the conversion map gives a larger division number for a larger perceptual entropy, so that the resulting blocks will have shorter lengths suitable for suppressing pre-echoes and consequent degradation of sound quality; and
the conversion map gives a smaller division number for a smaller number of available bits, so that the resulting blocks will have longer lengths suitable for suppressing bit starvation and consequent degradation of sound quality.
4. The apparatus according to claim 2, wherein the orthogonal transform processor defines boundaries between groups in such way that a group of blocks containing or near a point where the audio signal varies will have a shorter length.
5. A method of encoding audio signals, comprising:
analyzing the audio signal to calculate perceptual entropy indicating how many bits are required for quantization;
monitoring the number of coded bits produced from the audio signal to calculate the number of available bits for a current frame;
determining a division number N for dividing a frame of the audio signal into N blocks, based on a combination of the perceptual entropy and the number of available bits, such that the N blocks will have lengths suitable for suppressing sound quality degradation due to pre-echoes and bit starvation;
dividing the frame by the determined division number and subjecting each divided block of the audio signal to an orthogonal transform process, thereby obtaining orthogonal transform coefficients;
quantizing the orthogonal transform coefficients on a divided block basis; and
providing a conversion map defining the division number with respect to the perceptual entropy and the number of available bits,
wherein the conversion map giving a larger division number for a larger perceptual entropy, so that the resulting blocks will have shorter lengths suitable for suppressing pre-echoes and consequent degradation of sound quality, and
wherein the conversion map gives a smaller division number for a smaller number of available bits, so that the resulting blocks will have longer lengths suitable for suppressing bit starvation and consequent degradation of sound quality.
6. A method of encoding audio signals, comprising:
analyzing the audio signal to calculate perceptual entropy indicating how many bits are required for quantization;
monitoring the number of coded bits produced from the audio signal to calculate the number of available bits for a current frame;
determining a division number N for dividing a frame of the audio signal into blocks, based on a combination of the perceptual entropy and the number of available bits, such that the N blocks will have lengths suitable for suppressing sound quality degradation due to pre-echoes and bit starvation;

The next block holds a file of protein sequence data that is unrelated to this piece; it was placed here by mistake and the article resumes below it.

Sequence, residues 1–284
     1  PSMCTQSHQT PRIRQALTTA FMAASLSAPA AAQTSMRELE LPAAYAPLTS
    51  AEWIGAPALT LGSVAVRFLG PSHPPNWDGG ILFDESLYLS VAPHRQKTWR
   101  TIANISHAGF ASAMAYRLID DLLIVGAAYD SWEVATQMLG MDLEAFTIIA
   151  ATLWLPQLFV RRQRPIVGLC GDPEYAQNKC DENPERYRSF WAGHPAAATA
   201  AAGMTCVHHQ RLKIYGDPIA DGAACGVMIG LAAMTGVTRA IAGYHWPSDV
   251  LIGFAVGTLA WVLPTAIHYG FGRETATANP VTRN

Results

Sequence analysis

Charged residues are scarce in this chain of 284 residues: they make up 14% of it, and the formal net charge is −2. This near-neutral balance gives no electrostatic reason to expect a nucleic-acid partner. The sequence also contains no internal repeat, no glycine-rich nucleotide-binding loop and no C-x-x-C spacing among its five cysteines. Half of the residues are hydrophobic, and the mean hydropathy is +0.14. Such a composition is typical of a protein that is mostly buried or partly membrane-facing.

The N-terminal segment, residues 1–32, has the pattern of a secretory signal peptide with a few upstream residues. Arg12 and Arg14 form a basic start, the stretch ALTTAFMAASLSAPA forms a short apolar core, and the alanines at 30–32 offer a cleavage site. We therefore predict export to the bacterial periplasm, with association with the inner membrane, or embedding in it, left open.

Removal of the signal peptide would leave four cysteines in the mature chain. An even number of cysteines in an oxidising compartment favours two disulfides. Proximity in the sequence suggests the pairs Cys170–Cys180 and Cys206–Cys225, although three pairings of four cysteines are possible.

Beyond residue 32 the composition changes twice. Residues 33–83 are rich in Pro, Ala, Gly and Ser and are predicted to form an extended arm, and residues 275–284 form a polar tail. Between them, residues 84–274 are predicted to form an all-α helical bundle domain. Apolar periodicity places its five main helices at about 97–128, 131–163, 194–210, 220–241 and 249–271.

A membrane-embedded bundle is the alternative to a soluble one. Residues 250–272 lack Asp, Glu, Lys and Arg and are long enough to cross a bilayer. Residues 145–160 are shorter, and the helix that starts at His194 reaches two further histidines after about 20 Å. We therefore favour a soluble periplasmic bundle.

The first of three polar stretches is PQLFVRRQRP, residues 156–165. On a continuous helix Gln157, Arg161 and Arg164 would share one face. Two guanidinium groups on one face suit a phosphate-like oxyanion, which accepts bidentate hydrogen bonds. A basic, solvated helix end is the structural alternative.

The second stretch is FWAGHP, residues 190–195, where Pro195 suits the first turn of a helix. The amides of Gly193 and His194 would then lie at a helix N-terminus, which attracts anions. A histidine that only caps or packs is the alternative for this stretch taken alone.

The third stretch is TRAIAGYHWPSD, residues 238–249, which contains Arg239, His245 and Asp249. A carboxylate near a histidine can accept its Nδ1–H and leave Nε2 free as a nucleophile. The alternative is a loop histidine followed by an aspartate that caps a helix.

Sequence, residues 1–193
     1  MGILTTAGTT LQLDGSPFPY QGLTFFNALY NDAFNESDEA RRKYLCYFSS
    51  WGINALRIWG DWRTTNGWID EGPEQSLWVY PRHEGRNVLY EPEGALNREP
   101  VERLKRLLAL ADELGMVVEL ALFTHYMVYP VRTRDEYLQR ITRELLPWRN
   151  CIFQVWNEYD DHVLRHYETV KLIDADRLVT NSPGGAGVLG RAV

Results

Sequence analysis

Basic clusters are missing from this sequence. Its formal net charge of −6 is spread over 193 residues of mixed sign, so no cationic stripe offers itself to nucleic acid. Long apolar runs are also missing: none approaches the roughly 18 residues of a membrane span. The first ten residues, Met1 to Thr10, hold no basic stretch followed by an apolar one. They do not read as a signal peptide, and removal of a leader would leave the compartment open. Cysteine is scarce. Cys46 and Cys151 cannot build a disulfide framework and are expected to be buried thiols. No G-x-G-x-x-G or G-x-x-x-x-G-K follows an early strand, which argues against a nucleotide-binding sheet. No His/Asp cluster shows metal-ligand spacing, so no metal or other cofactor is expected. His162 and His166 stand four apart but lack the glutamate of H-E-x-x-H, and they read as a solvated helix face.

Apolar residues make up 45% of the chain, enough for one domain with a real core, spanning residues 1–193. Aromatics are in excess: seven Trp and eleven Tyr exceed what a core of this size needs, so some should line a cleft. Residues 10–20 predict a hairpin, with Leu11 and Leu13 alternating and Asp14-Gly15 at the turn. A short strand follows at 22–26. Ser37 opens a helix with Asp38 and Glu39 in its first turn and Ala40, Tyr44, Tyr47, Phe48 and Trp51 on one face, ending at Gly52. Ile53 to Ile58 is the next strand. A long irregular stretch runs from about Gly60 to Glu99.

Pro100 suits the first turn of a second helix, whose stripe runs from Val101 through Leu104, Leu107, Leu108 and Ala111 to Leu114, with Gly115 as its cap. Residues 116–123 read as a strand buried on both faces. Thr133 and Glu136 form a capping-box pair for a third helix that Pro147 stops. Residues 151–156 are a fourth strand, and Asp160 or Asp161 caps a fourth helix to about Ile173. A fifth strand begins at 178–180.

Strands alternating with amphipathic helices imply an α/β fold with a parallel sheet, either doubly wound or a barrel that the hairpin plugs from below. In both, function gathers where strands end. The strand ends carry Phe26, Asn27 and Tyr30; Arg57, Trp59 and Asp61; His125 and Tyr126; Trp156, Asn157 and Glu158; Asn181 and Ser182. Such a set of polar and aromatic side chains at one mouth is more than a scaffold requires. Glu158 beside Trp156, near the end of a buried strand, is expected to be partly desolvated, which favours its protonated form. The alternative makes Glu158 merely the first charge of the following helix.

in the case of N=1, calculating first orthogonal transform coefficients by performing an orthogonal transform on the entire frame;
in the case of N being equal to a maximum division number Nmax, calculating second orthogonal transform coefficients by dividing the frame by the maximum division number and performing an orthogonal transform on each divided block of the audio signals;
in the case of 1<N<Nmax, calculating the second orthogonal transform coefficients by dividing the frame by the maximum division number and performing an orthogonal transform thereon and combines the calculated second orthogonal transform coefficients into as many groups as the division number N;
in the case of N=1, quantizing the first orthogonal transform coefficients on an entire frame basis;
in the case of N=Nmax, quantizing the second orthogonal transform coefficients on a divided block basis;
in the case of 1<N<Nmax, quantizing the second orthogonal transform coefficients on an individual group basis.
7. The method according to claim 6, further comprising providing a conversion map defining the division number with respect to the perceptual entropy and the number of available bits,
wherein the conversion map giving a larger division number for a larger perceptual entropy, so that the resulting blocks will have shorter lengths suitable for suppressing pre-echoes and consequent degradation of sound quality, and
wherein the conversion map gives a smaller division number for a smaller number of available bits, so that the resulting blocks will have longer lengths suitable for suppressing bit starvation and consequent degradation of sound quality.
8. The method according to claim 6, wherein further comprising defining boundaries between groups in such way that a group of blocks containing or near a point where the audio signal varies will have a shorter length.
Description

This application is a continuing application, filed under 35 U.S.C. §111(a), of International Application PCT/JP2005/016271, filed Sep. 5, 2005.

BACKGROUND OF THE INVENTION

(1) Field of the Invention

The present invention relates to an apparatus and method for encoding audio signals. More particularly, the present invention relates to an apparatus and method for encoding audio signals for use in the fields of data communications such as mobile phone networks and the Internet, digital televisions and other broadcasting services, and audio/video recording and storage devices using MD, DVD, and other media.

(2) Description of the Related Art